UAE-based company keen to resolve Balochistan water crisis

This file photo shows Pakistani children pushing wheelbarrows loaded with jerry cans full of drinking water from a state-run water tap on the outskirts of Quetta on March 17, 2015. (AFP)
Updated 11 May 2018
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UAE-based company keen to resolve Balochistan water crisis

  • CEO expresses interest in investment, signing MoU
  • Chief Minister of Balochistan Abdul Quddus Bizenjo said the provincial government is taking “effective measures” to resolve water scarcity

QUETTA: The CEO of the International Climate Global Trading Co. (ICGTC) on Thursday expressed an interest in investing in Balochistan’s dilapidated water sector during a meeting with the province’s Chief Minister Abdul Quddus Bizenjo.
“The company is interested in investing in the water sector, and is willing to ink a memorandum of understanding with the Balochistan government,” said Maxim Lavrov.
Bizenjo said the provincial government is taking “effective measures” to resolve water scarcity. 
“There is a need to develop the water sector… so that the water in dams can reach its previous level,” he added.
Lauding the UAE-based company’s interest in the water sector, Bizenjo assured the visiting delegation that the provincial government will provide its full support.
On Wednesday, Pakistan’s Chief Justice Saqib Nisar summoned former chief ministers of Balochistan to explain what measures had been taken to end water scarcity in the province. 
Observing that some water sources had dried up, Nisar said his visit to Balochistan’s capital Quetta had left him “dismayed,” adding: “The people of the province lack political vitality.”


Version of PM May’s deal can get through parliament: Hunt

Updated 15 December 2018
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Version of PM May’s deal can get through parliament: Hunt

  • May pulled a vote on her deal this week after acknowledging it would be heavily defeated over concerns about the divorce agreement’s “backstop”

LONDON: Foreign Secretary Jeremy Hunt said on Saturday that the British parliament could back Prime Minister Theresa May’s deal if lawmakers received assurances from the European Union, but warned that a no deal Brexit was still on the table.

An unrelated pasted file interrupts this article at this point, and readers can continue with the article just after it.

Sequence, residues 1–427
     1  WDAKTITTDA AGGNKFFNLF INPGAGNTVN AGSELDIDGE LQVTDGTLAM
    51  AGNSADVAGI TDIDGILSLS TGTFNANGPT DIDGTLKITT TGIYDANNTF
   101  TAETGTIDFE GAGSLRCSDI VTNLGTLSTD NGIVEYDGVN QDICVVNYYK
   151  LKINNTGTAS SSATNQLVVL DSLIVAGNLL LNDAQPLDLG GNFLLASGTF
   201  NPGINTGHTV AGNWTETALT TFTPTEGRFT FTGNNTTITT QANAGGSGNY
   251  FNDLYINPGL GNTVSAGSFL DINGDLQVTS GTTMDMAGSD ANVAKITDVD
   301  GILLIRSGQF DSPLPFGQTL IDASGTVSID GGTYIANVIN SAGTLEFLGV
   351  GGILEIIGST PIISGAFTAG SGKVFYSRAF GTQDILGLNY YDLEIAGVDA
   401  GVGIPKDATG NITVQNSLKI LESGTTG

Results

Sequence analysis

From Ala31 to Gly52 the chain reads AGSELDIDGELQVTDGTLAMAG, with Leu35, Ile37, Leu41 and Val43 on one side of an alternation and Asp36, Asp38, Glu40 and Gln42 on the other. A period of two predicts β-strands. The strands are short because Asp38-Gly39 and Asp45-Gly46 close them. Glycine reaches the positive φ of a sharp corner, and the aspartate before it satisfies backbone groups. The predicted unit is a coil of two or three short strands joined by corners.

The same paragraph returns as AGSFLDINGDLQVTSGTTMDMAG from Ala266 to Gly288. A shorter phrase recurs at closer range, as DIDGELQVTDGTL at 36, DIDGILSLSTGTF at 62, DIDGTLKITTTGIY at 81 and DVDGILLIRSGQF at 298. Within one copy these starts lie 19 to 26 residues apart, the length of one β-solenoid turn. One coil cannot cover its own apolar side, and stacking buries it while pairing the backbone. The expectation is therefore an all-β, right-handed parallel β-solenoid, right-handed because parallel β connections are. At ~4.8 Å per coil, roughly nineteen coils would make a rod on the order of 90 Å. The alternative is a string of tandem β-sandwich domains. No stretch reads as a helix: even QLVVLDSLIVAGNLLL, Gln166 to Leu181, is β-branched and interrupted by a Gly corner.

May pulled a vote on her deal this week after acknowledging it would be heavily defeated over concerns about the divorce agreement’s “backstop,” an insurance policy designed to avoid any hard land border for Ireland but which critics say could bind Britain to EU rules indefinitely.
“When the dust has settled, the only way we’re going to get this through the House of Commons ... is to have a version of the deal that the government has negotiated,” Hunt told BBC radio.
Following a summit in Brussels on Friday, May said it was possible that the EU could give further guarantees that the backstop would be temporary although the bloc’s other 27 leaders told her they would not renegotiate the treaty.
Hunt said the EU was likely to make concessions to avoid Britain leaving without any deal, a scenario that both sides say would be highly damaging for business and their economies.
“The EU cannot be sure that if they choose not to be helpful and flexible ... that we would not end up with no deal,” Hunt said. “We cannot in these negotiations take no deal off the table. I don’t think the EU could be remotely sure that if we don’t find a way through this we wouldn’t end up with no deal.”
The Times newspaper reported on Saturday that most of May’s senior ministerial team thought her deal was dead and were discussing a range of options including a second referendum.
“Brexit is in danger of getting stuck – and that is something that should worry us all,” pensions minister Amber Rudd wrote in the Daily Mail newspaper.
“If MPs (lawmakers) dig in against the Prime Minister’s deal and then hunker down in their different corners, none with a majority, the country will face serious trouble.”